Email Marketing Pro gives you the flexibility to use different email services for outgoing email. In this article, we look at how to configure outgoing mail.
But first, — very important — why you would need to use different outgoing mail services for different occasions, and why you need to undertand clearly the risks of sending your own email marketing materials with your own mail service, instead of with our service, ProMail.
Let’s start with the major email service providers: Yahoo, GMail, and Hotmail. Obviously, these services are intended for individual use. They have quotas that prevent you from sending bulk email, and the Postmasters at these services do not allow large volumes of email.
Typically, they do not mind if you send commercial email, as long as its solicited and you have a link to unsubscribe, as well as a few other rules (check their documentation).
Using one of these services can be the perfect solution if your mailing list consists only of 100 contacts. Or, if you have over 100 contacts and you don’t mind splitting up your mailing over a period of days, if necessary.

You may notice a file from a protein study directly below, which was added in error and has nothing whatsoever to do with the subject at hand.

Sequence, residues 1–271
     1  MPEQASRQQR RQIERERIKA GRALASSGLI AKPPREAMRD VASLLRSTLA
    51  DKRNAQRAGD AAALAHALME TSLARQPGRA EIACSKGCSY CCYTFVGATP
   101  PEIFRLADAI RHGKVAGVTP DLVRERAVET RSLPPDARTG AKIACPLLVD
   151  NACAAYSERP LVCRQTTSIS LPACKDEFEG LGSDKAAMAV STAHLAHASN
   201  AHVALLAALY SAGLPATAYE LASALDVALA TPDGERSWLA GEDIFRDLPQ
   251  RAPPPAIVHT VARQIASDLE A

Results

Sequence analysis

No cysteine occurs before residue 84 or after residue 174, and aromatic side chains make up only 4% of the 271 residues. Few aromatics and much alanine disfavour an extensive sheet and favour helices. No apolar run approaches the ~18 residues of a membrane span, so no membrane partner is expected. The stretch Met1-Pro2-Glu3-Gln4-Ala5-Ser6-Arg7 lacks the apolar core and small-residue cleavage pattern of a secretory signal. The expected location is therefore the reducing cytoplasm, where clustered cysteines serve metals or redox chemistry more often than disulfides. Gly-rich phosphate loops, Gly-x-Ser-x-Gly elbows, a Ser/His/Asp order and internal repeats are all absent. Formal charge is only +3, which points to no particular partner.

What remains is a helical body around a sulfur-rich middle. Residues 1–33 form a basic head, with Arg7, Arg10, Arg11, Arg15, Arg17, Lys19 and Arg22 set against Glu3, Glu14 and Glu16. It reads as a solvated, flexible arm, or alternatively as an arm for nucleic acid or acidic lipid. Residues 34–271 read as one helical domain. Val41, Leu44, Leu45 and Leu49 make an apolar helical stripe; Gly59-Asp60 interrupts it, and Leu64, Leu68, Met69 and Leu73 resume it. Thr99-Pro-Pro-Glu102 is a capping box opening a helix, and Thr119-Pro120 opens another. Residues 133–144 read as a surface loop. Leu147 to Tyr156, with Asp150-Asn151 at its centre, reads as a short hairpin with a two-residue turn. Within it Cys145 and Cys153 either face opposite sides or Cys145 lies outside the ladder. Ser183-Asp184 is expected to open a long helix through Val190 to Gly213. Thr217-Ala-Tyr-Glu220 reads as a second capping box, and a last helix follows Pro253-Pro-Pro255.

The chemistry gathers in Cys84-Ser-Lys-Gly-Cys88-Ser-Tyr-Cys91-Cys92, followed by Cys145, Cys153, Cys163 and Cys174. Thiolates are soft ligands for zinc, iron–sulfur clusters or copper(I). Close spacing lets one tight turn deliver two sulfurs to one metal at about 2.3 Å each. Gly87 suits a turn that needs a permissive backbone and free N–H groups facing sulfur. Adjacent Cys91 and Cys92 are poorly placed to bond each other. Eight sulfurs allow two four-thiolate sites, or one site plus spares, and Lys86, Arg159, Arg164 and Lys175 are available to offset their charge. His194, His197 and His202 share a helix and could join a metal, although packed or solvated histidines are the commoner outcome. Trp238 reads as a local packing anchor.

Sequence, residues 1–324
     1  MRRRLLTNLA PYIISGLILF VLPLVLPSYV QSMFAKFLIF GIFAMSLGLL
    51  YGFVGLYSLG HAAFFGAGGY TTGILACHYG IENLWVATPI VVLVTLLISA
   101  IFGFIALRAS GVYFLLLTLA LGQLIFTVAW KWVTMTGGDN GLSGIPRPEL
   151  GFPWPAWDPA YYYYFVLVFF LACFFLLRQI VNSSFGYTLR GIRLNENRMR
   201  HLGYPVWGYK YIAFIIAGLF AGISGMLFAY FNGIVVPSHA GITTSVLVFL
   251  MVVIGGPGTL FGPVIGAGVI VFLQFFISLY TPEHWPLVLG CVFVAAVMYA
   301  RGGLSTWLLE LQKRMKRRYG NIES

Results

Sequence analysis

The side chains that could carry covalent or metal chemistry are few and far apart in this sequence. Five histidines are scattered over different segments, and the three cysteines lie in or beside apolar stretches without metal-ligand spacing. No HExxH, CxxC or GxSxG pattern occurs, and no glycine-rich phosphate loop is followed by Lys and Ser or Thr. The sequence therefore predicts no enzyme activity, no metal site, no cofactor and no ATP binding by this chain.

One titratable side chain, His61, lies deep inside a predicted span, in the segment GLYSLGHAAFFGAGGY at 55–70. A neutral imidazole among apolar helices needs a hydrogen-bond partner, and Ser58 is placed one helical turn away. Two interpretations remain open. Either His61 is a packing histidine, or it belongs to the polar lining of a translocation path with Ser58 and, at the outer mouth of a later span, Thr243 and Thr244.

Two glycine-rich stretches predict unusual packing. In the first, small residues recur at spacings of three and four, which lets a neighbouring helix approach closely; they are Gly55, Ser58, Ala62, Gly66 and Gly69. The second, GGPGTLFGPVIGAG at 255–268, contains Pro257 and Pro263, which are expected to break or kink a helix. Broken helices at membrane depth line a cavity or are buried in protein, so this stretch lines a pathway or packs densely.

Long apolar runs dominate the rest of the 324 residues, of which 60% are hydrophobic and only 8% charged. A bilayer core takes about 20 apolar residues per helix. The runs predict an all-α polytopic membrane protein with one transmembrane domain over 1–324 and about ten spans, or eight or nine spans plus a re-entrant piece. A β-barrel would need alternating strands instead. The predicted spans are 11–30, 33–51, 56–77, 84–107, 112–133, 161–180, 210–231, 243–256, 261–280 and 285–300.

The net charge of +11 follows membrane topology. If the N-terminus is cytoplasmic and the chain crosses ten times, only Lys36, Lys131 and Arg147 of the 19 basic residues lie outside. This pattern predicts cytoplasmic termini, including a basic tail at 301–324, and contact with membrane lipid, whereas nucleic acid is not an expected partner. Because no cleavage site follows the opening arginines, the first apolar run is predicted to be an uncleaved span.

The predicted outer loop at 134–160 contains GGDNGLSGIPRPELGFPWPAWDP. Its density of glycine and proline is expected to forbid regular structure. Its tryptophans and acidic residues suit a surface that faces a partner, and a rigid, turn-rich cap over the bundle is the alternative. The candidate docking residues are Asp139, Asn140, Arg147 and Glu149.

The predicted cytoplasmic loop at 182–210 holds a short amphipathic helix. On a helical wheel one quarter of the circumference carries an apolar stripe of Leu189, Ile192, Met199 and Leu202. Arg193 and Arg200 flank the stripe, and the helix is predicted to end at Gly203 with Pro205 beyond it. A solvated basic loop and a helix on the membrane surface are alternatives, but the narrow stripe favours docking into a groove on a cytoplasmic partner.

Here’s an example of why you may want to use GMail: let’s say you’re the head of your neighborhood watch and there are 75 people in your neighborhood that you would like to email about an upcoming meeting. Because you want to personalize information in the email, such as name and job role, you choose Email Marketing Pro for its personalization features. In this case, GMail may be just the answer. And, hey, you can also use it to alert them about the recent robberies (OK, I admit, I’m the head of my neighborhood watch and I use Email Marketing Pro to alert my neighbors).
If you’re a business that wants to send solicited, commercial email to over 100 recipients, then let me strongly recommend ProMail.
Again, let me say it louder now. ProMail!
ProMail is an outgoing, bulk email service provided by Atlantic Software (that’s us). It differs from using your own mail server or from a major email service provider in the following ways: